Cover Image for ‘City of Sorrow’

‘City of Sorrow’

trans. by Marta Sakhno
Issue Two

In 1896, Lesia Ukrainka wrote ‘City of Sorrow’ about the patients of a mental health clinic. It was published in the collection of her works in 1929. This short story is based on the author’s stay in the town Tworki near Warsaw where her uncle worked as the head doctor at the psychiatric hospital Warszawska Lecznica dla Obłąkanych.


Motto: ‘Where is the line that separates what is normal from what is not?’
Scientific question

Once I happened to stay in a huge asylum. Anyone who stepped in an establishment like this is familiar with the feeling of dread, unbelievable compassion and – what a shame to admit – curiosity wrapping a stranger at the doors to this big verkehrte Welt [upside down world (German)]. Apart from that I also felt a special affection for some sick souls, which made my curiosity even more lively. Images of some of the ill-starred people did not leave me through the night there. Often, after switching off an electric light and lying on a wide sofa in the doctor’s office that served me as a bedroom, I would stare at moonlight rays on the dais and tall white walls, which made me dream of fantastic images of delusion – I thought the very air was filled with hallucinations flying around like sparkles of invisible flame, like an echo of invisible tools. Strange cries would burst into my window now and then, so dramatic and heavy in the dead of night, they sounded with such terror, such despair of the sort that can only fit in a human chest, and there was something strange about the way they intertwined with the moonlight and my own inner ghosts.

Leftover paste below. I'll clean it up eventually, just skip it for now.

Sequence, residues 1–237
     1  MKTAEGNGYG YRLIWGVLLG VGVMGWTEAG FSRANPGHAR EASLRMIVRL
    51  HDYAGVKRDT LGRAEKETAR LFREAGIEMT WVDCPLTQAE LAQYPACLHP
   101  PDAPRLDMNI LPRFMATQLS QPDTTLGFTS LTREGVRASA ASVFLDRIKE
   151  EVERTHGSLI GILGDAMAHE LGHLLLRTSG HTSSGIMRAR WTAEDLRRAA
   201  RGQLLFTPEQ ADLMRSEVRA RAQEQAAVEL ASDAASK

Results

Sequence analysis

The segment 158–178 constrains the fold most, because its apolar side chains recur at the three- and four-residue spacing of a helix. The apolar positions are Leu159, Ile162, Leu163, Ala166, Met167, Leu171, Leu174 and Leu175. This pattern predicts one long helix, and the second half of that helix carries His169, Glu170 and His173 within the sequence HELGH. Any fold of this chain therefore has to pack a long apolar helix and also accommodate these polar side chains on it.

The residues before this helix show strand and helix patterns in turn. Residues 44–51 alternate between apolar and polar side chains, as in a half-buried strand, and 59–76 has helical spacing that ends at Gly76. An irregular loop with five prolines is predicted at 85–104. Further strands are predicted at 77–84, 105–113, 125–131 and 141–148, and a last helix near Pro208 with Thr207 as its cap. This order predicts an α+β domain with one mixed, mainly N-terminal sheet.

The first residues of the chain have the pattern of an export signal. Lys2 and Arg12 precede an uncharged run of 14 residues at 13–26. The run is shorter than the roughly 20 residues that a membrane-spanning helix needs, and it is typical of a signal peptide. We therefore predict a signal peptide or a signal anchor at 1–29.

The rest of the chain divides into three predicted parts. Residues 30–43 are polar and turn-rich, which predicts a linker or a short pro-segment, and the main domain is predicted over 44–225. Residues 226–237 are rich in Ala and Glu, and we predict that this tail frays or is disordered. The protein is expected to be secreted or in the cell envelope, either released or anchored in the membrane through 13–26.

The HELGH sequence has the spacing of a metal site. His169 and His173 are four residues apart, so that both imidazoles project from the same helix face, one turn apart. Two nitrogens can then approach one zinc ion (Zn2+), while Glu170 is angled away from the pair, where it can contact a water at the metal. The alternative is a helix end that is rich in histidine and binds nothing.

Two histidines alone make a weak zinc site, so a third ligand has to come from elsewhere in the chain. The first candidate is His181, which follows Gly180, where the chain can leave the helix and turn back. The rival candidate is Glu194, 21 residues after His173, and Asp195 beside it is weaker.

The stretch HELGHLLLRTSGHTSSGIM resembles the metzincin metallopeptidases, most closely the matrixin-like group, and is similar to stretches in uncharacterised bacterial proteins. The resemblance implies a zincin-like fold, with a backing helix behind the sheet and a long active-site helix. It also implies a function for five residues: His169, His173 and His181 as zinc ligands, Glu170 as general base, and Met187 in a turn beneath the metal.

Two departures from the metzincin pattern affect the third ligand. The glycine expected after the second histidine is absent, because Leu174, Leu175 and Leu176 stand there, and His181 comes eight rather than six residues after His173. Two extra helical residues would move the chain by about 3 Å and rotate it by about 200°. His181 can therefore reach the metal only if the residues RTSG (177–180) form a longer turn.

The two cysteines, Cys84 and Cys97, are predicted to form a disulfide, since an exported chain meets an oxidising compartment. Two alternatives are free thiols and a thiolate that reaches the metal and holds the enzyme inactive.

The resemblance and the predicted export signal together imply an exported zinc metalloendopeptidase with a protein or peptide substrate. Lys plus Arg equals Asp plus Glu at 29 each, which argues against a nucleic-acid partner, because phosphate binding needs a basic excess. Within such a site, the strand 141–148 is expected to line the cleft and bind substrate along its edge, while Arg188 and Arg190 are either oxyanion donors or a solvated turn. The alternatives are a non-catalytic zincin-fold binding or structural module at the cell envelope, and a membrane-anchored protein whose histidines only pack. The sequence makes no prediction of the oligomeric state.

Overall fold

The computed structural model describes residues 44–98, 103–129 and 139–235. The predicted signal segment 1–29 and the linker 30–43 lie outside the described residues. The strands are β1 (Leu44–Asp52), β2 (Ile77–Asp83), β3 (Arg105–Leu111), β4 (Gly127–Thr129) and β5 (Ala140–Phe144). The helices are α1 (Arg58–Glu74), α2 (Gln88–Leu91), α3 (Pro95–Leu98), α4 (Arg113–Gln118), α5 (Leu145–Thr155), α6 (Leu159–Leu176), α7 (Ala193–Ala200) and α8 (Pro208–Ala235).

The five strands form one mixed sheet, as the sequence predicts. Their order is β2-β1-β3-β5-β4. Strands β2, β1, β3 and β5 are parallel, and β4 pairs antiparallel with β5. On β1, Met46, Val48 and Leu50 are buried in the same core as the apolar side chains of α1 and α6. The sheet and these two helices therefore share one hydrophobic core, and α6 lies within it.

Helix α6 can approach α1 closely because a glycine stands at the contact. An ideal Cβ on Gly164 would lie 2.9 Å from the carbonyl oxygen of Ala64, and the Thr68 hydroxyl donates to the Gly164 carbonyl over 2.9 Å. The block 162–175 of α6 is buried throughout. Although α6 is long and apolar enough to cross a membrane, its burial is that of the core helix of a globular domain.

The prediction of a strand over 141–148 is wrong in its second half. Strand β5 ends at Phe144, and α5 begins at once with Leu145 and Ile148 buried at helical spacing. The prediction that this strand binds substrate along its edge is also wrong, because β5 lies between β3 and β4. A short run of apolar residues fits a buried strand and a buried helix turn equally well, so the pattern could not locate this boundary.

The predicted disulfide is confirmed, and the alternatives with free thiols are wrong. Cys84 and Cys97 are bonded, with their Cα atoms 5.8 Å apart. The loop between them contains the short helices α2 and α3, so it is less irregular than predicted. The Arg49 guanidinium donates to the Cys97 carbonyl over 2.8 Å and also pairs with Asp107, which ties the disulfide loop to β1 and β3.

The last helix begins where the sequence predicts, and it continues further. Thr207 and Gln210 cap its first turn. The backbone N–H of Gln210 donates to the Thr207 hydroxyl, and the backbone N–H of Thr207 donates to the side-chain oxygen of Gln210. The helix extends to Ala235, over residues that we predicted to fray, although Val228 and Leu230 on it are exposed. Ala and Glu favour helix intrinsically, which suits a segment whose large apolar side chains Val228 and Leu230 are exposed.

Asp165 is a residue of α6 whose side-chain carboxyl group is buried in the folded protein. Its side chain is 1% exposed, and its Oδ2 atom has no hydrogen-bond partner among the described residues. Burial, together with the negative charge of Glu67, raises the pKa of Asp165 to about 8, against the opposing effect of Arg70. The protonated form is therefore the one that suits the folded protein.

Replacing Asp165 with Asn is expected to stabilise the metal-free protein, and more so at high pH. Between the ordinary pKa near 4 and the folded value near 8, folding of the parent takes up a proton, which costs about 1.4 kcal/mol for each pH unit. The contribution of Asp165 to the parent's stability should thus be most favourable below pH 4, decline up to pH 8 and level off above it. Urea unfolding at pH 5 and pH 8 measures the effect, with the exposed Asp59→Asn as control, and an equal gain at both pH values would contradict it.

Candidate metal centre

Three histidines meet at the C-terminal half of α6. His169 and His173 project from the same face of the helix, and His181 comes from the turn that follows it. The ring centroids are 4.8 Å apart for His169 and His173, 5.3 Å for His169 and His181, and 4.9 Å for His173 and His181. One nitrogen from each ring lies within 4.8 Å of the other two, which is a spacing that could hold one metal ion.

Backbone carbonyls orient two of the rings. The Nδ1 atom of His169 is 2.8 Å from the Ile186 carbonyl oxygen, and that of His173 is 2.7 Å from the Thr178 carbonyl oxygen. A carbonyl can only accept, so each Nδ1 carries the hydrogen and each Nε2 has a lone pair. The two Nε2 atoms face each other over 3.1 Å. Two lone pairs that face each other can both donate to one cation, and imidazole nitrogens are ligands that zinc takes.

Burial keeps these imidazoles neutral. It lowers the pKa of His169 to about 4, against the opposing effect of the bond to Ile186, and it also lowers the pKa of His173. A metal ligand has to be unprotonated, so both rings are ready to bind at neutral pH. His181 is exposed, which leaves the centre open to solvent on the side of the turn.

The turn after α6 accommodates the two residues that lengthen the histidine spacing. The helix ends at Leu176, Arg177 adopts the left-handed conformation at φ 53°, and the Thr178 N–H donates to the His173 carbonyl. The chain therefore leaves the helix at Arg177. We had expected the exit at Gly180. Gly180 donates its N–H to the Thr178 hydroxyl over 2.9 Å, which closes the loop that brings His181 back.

Even now on nights like these my mind frequently flies great distances, leaks into the thick tall stone walls of the ‘city of sorrow’, leans at the head of the bed of a young girl with dark eyes, who is rolling her head on the pillow in automatic despair, her black loose hair covering her shoulders and chest in a messy net, black eyes flaming with horrendous grief, her voice trembling so monotonously and mournfully, as if someone was touching the same string over and over again: ‘Mary, Mary, an innocent girl, a white lily… broken, dishonored, your lily, elle était pure et belle comme un cygne et fraîche comme la rosée [she was pure and beautiful like a swan and fresh like morning dew (French)]’. I take her by her hand and ask without a reason: ‘Etez-vous souffrante? [do you suffer? (French)]’ – ‘Oh, comme je souffre [oh I suffer so much (French)], – her voice trembles, – gone, your Mary is gone, les démons l’ont souillée, la vièrge Marie est morte [the demons defiled her, the Virgin Mary is dead (French)]… Mary, Mary, white lily…’ I give her dry eyes a wet look… And here comes a brisk woman’s voice: ‘Er…e, oh, you have no idea! To achieve a clean goal, one has to walk a clean road, is that right? What if someone steps on a dirty road?… Oh, you have no idea! You think I am a lunatic? Oh, my husband you ask? My husband is a haggler…he is good at haggling, oh he is good…no you wouldn’t understand…’